Only Permitting Reform Can Prevent Forest Fires

The Cottonwood Decision may saddle the United States with a deeply dysfunctional forest management process that costs tens of millions and fails to prevent fires.

Only Permitting Reform Can Prevent Forest Fires

Permitting reform has gained significant attention in Washington in recent months, with reform advocates on both sides highlighting the delays in infrastructure construction caused by red-tape. Such setbacks may be the most immediate effect of burdensome permitting processes, but they aren’t the only one. In fact, they have broader implications for the state of the environment, too, including affecting the Forest Service's ability to sufficiently manage and prevent wildfires.

The most recent National Climate Assessment highlights an overall increase in wildfire risk in the United States, influenced by both climate change and other factors like insufficient forest management. Forests in the Western United States have seen major increases in annual burned area since the mid 1980s, with most of these increases coming from rapidly-spreading mega-fires. With wildfire smoke choking much of the country on a regular if unpredictable basis, it has become increasingly difficult to ignore the problem, even for those who live thousands of miles from affected forests. In fact, a recent study showed that smoke from these wildfires is noticeably affecting overall air quality in 41 states.

While climate change is undoubtedly a major contributor to the uptick in catastrophic wildfires, poor forest management also deserves a great deal of the blame. A century of fire suppression has led to a build-up of small trees and underbrush that make wildfires burn more explosively. Forest management, including both controlled burns and mechanical thinning, can substantially reduce the intensity of wildfires, but permitting red tape often prevents an expeditious response.

One solution to this problem, as advocates across many sectors have noted, is reform to the National Environmental Policy Act (NEPA), which Congress is now considering.

But permitting bottlenecks extend beyond NEPA. The so-called Cottonwood Decision, for example, threatens to bind the Forest Service in redundant bureaucracy, halting forest management projects before they even reach the permitting phase.

In 2015, the Cottonwood Environmental Law Center (CELC) sued the Forest Service, alleging inadequate assessment of a restoration project's impact on the endangered Canada Lynx. In the end, the Ninth Circuit Court of Appeals ruled that the Forest Service must not only revise forest restoration plans to better accommodate the impact to the Lynx population but also conduct a comprehensive reassessment of its general forest plan. Since the decision, whenever a new species is listed as endangered, a critical habitat is designated, or new information is brought forward about an endangered species, the Forest Service is required to reinitiate consultation with the Fish and Wildlife Service on even already-completed forest plans. This has caused the delay of at least 130 forest management projects.

To put this in perspective for those unfamiliar with the intricacy of forest management procedures, the Cottonwood decision is akin to requiring a teacher to revise their entire syllabus because of an error on a single quiz question. The ruling has faced criticism for introducing duplicative processes that drain taxpayer dollars. In a recent letter to Congress, a coalition of conservation groups led by the Property and Environment Research Center emphasized the scope of the impact:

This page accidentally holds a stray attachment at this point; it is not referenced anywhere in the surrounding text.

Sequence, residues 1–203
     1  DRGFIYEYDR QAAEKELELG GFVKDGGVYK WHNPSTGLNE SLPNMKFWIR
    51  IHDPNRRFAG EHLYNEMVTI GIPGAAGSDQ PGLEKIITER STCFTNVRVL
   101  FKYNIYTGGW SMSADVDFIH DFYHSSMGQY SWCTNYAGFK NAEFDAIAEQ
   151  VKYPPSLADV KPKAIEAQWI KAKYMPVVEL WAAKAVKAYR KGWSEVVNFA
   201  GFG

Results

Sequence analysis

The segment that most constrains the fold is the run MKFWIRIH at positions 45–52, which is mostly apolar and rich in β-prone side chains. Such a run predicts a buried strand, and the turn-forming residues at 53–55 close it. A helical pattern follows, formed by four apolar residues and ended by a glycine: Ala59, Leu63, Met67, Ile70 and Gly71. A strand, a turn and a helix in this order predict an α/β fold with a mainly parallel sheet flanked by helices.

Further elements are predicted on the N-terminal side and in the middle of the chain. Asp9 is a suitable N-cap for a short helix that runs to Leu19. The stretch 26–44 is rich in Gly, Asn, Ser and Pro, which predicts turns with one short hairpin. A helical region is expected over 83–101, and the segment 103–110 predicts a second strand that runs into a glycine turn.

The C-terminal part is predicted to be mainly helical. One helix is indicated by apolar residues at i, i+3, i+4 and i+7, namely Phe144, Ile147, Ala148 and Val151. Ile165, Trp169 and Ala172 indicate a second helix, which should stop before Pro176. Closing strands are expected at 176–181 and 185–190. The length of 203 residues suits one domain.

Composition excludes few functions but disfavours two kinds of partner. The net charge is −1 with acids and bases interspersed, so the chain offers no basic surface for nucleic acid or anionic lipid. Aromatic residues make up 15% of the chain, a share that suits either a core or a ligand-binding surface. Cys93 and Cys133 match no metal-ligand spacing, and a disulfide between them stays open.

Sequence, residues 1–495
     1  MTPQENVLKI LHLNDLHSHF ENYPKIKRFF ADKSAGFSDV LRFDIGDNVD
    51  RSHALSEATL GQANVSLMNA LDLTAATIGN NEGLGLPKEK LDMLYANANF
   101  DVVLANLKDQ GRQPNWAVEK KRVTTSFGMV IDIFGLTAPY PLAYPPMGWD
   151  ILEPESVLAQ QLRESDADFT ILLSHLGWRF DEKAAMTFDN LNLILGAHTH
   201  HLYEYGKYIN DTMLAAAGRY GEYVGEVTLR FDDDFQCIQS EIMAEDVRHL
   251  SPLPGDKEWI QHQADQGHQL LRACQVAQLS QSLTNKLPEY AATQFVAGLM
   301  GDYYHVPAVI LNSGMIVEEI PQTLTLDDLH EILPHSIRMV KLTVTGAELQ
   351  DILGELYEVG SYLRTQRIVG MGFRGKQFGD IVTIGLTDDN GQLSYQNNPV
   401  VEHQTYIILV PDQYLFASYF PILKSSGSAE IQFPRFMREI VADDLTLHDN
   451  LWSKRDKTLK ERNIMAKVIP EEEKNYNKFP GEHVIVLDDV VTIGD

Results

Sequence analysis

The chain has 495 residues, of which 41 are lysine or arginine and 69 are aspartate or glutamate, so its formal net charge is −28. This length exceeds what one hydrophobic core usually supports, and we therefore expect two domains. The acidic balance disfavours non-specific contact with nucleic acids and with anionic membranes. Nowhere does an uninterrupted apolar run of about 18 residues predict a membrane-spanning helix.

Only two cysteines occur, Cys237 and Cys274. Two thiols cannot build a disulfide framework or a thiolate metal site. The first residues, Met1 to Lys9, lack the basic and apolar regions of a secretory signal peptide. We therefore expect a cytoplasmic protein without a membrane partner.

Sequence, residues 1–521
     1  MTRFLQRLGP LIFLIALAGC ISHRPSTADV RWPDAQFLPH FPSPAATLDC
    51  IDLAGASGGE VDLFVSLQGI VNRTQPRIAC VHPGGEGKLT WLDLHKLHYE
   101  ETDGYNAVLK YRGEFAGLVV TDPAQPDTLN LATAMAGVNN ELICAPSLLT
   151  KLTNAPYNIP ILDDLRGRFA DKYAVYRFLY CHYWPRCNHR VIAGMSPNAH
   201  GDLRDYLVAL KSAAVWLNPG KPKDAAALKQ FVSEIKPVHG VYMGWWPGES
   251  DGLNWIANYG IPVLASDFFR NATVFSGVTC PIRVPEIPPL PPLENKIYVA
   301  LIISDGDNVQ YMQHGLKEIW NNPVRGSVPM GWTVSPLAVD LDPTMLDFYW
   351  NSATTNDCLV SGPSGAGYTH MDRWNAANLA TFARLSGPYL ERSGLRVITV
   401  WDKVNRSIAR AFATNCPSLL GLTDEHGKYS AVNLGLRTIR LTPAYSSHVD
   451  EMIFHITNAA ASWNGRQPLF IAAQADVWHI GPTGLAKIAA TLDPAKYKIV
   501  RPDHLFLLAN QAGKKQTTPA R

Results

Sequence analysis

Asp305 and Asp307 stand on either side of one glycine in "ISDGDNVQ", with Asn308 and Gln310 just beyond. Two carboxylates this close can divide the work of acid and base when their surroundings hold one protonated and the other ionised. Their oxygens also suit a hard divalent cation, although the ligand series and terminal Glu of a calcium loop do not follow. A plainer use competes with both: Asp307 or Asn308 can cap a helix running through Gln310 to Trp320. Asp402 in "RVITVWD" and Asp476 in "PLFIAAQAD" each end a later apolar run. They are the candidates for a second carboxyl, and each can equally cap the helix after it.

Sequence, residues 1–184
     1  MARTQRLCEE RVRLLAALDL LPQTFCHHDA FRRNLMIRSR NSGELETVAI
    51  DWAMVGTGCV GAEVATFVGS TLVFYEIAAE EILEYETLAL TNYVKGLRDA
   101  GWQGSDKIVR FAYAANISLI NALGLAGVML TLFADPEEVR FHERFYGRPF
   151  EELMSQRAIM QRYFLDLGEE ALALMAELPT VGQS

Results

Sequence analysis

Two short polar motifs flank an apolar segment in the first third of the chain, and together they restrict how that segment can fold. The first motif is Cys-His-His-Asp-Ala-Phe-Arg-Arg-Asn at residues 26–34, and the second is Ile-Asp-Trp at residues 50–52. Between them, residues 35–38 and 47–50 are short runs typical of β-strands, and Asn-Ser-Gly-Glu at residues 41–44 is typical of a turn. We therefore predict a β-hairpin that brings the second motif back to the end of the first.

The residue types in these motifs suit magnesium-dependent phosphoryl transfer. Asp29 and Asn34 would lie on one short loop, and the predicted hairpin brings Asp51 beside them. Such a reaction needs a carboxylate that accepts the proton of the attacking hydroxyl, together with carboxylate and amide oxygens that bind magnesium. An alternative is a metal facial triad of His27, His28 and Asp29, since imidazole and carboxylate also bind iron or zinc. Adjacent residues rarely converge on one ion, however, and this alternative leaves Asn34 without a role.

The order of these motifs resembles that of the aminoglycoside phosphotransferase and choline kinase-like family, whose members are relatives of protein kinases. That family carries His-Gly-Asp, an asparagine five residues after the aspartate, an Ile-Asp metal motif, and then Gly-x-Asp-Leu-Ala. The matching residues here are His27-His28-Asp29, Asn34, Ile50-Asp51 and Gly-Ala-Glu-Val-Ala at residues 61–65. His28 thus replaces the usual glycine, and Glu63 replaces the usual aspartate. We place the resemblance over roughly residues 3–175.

In the absence of a legislative fix, the Forest Service estimates that its work to restore and reduce wildfire risk in 87 forests across the West could grind to a halt as federal agencies waste time and money completing unnecessary and duplicative analysis—taking up to ten years and costing tens of millions of dollars. That’s time and money the agencies should be spending on the ground to restore forests and recover endangered species. No one wins if a species’ habitat goes up in smoke while the Forest Service is bogged down in litigation and paperwork.

After the Ninth Circuit Court’s ruling, Congress passed a short-term fix, kicking an ultimate resolution to the Cottonwood decision down the road. But that fix expired in March 2023.

In turn, the Cottonwood Decision and its threat of compliance is once more looming. Earlier this year, Forest Service Deputy Chief Chris French appealed to the House Natural Resources Committee to come up with a long-term solution. French estimated that adhering to Cottonwood would force current forest restoration projects to pause for 5–10 years, imposing a crippling financial burden, estimated in tens of millions of taxpayer dollars, and saddling the United States with a deeply dysfunctional forest management process.

Given the urgent and costly nature of compliance with the Cottonwood Decision, it is incumbent upon Congress to pass a comprehensive, long-term solution that streamlines permitting processes and ensures effective forest management. This will not only safeguard our forests but also serve as a prudent investment in the environment, public health, and fiscal responsibility.